Section 70(a) of the Bankruptcy Act vests title to all of the bankrupt's property in the trustee as of the date of the filing of the petition.
Thus, while valid liens existing at the time of the commencement of a bankruptcy proceeding are preserved, it is solely within the power of a court of bankruptcy to ascertain their validity and amount and to decree the method of their liquidation.
Isaacs v. Hobbs Tie & Timber Co., 282 U.S. 734, 738, 51 S. Ct. 270, 272, 75 L. Ed. 645 (1931). However, the trustee in bankruptcy is not obliged to accept property so encumbered with liens as to be *643 burdensome to the estate. Meyer v. Fleming, 327 U.S. 161, 166, 66 S. Ct. 382, 90 L. Ed. 595 (1946). As a rule, the trustee should abandon or disclaim all assets encumbered in excess of their value. Federal Land Bank of Berkeley v. Nalder, 116 F.2d 1004 (10th Cir. 1941), cert. denied, 313 U.S. 578, 61 S. Ct. 1095, 85 L. Ed. 1535 (1941). Abandonment by the trustee of an asset immediately revests title to that asset in the bankrupt. In re Thomas, 204 F.2d 788, 792 (7th Cir. 1953). Once he has elected to abandon an asset, the trustee is absolutely precluded from later reclaiming it, even if a subsequent increase in its value would make it of benefit to the estate. Beck v. Unruh, 37 Cal. 2d 148, 231 P.2d 13 (1951). See generally: Collier on Bankruptcy 14th Ed., Vol. 4, ¶ 70.42, p. 1329, et seq.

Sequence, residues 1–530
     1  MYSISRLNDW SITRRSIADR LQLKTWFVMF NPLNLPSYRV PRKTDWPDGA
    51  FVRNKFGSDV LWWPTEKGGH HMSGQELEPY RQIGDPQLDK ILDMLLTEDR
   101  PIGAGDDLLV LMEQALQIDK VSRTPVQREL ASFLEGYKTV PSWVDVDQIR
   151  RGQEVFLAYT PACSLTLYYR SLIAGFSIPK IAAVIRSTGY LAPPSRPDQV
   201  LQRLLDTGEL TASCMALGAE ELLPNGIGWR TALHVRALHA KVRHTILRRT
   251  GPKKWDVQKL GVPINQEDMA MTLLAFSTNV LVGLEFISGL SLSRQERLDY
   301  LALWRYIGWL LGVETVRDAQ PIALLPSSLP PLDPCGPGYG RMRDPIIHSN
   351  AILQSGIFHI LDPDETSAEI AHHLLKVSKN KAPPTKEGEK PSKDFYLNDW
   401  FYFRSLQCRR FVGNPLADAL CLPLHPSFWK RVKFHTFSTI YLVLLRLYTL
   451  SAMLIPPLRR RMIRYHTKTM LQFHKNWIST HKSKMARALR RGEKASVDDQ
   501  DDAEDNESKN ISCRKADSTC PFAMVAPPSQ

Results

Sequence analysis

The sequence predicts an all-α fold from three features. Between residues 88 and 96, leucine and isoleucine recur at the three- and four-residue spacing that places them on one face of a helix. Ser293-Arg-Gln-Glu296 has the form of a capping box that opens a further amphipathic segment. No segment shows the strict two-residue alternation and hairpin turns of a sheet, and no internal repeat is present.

Since abandonment has no effect upon the validity of the liens encumbering the property (Collier ¶ 70.42  n. 19a), the practical effect of the election is to remove the asset entirely from the jurisdiction of the bankruptcy court. It is simply a declaration by the trustee that the bankrupt estate wants nothing further to do with the property and that the lienors are free to proceed against it just as they normally would under applicable state law.
Virginia law gives unquestioned priority to the tax lien. Thus, whether the foreclosure was initiated by the tax lienor, the deed of trust lienor, or the second deed of trust lienor, the proceeds of the sale would go first to satisfy the outstanding tax lien. Only that amount remaining would go to the first deed of trust lienor, in this case resulting in a partial satisfaction of that indebtedness with nothing left over for the second deed of trust lienor. Of importance is that the amount received by the petitioners should have, and normally would have, been reduced by the amount of the tax lien. Those lienors not receiving full satisfaction may, of course, apply for dividends from the general estate.